Harrington Electric Co.
As one of the oldest electrical contracting companies in the Cleveland area, Harrington Electric Co. (Harrington Electric) has set the standard for high quality and professionally executed electrical projects of all shapes and sizes. A member of the National Electrical Contractors Association (NECA) Greater Cleveland Chapter, Harrington Electric is the oldest International Brotherhood of Electrical Workers (IBEW)-NECA member in the chapter.
Customers throughout Cleveland know when calling on NECA member contractors, such as Harrington Electric, the industry’s best and brightest professionals are coming – backed by a high quality, on-time, on budget, right-the-first time guarantee. Harrington Electric delivers this guarantee across three divisions: construction, service and teledata.
Leading experience and hometown success
Tom Morgan, president of Harrington Electric, is a licensed PE. “Much of our work in Cleveland is commercial and institutional work – hospitals and universities, as well as data center work,” he details. “A lot of our work is performed on a design-build basis.”
Harrington Electric has been performing electrical construction projects on a design-build basis since the 1970s, but the company’s well-rounded experience dates back to 1907. “Harrington Electric has been doing business in this area for nearly 108 years,” shares Morgan, who’s now been with the company for 36 years.
“My father, Jim Morgan owned the company,” he tells. “He joined Harrington Electric as a seasoned journeyman and foreman in 1959 and began building the company into what it is now.”
Morgan joined the firm as an estimator in 1978 with a degree in electrical engineering from the University of Cincinnati. He was appointed vice president of operations in 1985 and held that position until September 1998 when he was appointed company president.
“As an engineering co-op student I was thinking about becoming a research engineer, I remember my father pointed out to me that when you work on jobs in your hometown there’s a lot of satisfaction and pride in being a part of it,” tells Morgan. “You can drive by a building every day and say, ‘I worked on that or we did that.’ He was right -it’s a very rewarding industry.”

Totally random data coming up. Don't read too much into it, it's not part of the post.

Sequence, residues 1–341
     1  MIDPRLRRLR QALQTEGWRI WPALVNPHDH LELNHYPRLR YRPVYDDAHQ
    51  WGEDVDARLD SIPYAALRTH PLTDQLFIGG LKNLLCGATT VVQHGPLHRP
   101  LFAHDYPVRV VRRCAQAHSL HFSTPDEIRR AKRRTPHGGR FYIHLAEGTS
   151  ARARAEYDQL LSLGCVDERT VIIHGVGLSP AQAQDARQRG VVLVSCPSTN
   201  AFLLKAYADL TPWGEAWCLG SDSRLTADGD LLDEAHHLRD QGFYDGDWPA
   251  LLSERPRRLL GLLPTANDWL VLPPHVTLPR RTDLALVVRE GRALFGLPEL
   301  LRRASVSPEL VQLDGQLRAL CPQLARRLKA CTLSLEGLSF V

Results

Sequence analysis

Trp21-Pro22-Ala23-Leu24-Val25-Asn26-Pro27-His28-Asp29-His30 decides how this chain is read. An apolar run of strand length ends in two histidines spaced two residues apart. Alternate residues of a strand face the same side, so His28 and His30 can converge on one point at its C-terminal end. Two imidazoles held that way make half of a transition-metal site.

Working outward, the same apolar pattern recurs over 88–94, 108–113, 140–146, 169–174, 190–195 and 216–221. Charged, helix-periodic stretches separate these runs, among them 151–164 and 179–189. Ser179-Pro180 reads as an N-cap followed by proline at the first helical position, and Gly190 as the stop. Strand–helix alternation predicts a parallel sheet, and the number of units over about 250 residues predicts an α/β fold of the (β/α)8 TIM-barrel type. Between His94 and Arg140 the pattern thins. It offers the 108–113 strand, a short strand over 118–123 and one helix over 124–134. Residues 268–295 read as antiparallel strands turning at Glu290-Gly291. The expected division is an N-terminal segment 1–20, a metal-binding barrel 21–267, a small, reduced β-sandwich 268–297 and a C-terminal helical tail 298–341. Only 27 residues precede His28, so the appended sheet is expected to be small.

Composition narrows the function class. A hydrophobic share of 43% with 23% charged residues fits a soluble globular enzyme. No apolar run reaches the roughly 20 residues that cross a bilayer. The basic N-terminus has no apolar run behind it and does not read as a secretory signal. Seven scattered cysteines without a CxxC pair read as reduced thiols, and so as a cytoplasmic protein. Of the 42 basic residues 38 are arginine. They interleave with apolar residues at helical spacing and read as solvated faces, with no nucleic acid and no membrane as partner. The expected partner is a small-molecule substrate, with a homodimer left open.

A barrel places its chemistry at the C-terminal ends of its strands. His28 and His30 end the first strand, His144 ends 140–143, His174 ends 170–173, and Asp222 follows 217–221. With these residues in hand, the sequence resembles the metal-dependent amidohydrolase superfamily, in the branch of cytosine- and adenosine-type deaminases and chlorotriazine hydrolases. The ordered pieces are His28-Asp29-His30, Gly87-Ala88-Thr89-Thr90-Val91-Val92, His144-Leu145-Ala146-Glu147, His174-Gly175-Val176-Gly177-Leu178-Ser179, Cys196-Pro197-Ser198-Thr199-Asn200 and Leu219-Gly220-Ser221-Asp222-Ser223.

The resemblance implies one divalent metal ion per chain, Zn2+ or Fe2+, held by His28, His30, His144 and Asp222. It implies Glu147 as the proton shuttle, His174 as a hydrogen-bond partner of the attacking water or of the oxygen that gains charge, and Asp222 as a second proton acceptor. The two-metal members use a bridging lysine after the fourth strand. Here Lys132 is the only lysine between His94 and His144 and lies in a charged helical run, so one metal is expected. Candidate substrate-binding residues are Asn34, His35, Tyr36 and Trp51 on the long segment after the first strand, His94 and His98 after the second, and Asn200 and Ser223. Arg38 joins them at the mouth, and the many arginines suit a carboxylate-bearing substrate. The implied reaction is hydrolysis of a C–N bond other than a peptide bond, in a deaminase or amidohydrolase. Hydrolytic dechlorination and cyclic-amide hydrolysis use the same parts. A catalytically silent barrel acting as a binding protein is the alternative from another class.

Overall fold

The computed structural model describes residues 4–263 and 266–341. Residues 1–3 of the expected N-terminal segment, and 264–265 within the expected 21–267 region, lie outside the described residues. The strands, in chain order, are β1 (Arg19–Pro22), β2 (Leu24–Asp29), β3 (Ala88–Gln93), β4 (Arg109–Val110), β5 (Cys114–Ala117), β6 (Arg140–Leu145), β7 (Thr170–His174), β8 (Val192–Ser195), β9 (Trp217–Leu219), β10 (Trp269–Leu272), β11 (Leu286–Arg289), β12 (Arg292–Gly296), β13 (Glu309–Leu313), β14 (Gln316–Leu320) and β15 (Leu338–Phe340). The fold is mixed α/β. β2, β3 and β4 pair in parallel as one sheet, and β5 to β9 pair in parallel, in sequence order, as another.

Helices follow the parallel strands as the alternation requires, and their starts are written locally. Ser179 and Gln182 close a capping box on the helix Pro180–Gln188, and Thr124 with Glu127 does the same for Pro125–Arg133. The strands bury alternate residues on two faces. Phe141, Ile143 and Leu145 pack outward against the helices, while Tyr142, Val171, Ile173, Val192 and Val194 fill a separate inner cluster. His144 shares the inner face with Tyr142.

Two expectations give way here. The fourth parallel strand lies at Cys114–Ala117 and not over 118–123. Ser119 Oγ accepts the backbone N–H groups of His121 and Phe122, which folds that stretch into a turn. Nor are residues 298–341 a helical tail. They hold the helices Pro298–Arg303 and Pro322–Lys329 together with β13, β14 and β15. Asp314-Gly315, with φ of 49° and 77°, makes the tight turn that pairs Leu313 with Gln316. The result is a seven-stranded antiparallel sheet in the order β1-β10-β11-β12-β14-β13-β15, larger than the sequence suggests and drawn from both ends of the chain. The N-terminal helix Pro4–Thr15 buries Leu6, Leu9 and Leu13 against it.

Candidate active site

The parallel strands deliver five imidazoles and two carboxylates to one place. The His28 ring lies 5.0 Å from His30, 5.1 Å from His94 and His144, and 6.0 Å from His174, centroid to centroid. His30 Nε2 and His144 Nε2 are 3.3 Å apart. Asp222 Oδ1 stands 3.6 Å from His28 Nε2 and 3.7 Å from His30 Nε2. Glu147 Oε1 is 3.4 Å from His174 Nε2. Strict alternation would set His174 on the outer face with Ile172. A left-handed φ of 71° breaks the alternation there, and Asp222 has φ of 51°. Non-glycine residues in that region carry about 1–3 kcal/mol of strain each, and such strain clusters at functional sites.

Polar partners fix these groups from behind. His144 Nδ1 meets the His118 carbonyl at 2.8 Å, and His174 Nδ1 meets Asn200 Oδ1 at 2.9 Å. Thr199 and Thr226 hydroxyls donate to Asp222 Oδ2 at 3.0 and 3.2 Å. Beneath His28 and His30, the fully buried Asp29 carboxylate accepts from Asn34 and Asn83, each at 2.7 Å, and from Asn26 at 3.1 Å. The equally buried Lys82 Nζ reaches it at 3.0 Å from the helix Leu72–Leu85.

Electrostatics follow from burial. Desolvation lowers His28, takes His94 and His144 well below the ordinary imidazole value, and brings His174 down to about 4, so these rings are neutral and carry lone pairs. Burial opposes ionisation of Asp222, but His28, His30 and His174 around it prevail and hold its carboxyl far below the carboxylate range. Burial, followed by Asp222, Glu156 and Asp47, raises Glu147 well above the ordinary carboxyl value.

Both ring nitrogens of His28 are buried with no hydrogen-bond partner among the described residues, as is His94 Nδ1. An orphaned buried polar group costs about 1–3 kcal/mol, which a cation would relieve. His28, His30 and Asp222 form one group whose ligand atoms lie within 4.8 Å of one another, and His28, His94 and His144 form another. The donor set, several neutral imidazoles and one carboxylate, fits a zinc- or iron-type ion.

Making a mark in Cleveland
With in-house electrical engineers and a talented IBEW workforce from the local 38, Harrington Electric had been influential in landmark projects throughout Cleveland, including a $27 million Cleveland Clinic Data Center. A joint venture with Truland Systems, the 120,000-square-foot Tier III redundancy data center was contracted on an aggressive schedule, including mobilization to commissioning in just 12 months.
A shining example of Harrington Electric’s design-build strength, the Cleveland Clinic included underground and overhead MEP systems modeled by a BIM, 3-D dedicated multi-trade coordination team. To add to the list of specifications, the Cleveland Clinic was designed for LEED Silver certification.
From the Cleveland Browns Stadium to the Cleveland Museum of Art and the Allen Theater, Harrington Electric has made its mark on the city. Severance Hall, home of the Cleveland Orchestra, is another example of a city gem Harrington Electric helped restore. The company worked under the construction management leadership of Panzica Construction Co. on this two-and-a-half year project.
The project, designed by GSI Architects in concert with the David M. Schwarz Architectural Services Inc., involved a sound-isolated building addition and total renovation of the hall. The combined value of the electrical work on this project was $3.2 million.
A competitive advantage in CW/CE
Tackling such major electrical turnarounds requires a highly skilled workforce of trained inside electricians. With plenty of non-union contractors in the market as well, NECA-member contractors face the challenge of competing with non-union electricians on projects that do not require such a high level of skill.
As a result, some union contractors, such as Harrington Electric, have found that they are losing market share, especially in the commercial and retail sectors because labor cost is higher than that of non-union competition. In response, NECA has introduced a new, more competitive wage-scale worker classification, the Construction Wireman/Construction Electrician (CW/CE) to compete with non-union contractors for certain types of projects.
According to Morgan, Harrington Electric has taken advantage of the CW/CE opportunity. “When possible, we’ve done combination jobs, where a journeyman leads the project while utilizing CWCEs,” he shares. “The challenge is for the journeyman to see the program not as a threat, but rather as a way to compete and obtain work we otherwise wouldn’t get. Examples are lighting retrofit work, small retail projects, religious facility additions and small remodels.”
Morgan details that the program could be more valuable if a bit more training was available to CW/CEs. “As opposed to union apprenticeships, there are limited continuing training programs for CW/CE workers,” he explains. “The limited training program for CW/CE’s means reduced cost to the contractors, but it would be good to have more available say on a Saturday or in the evening.”
However, Morgan assures the program is helping Harrington Electric get a leg up in the competitive Cleveland landscape. “Allowing us to mix the pay rates of CW/CEs with journeymen wiremen is helping us to secure more work,” he measures.
Even with the pressure on, Harrington Electric Co. continues to deliver, building on a name that’s been a trusted source for electrical contracting and engineering for more than a century.
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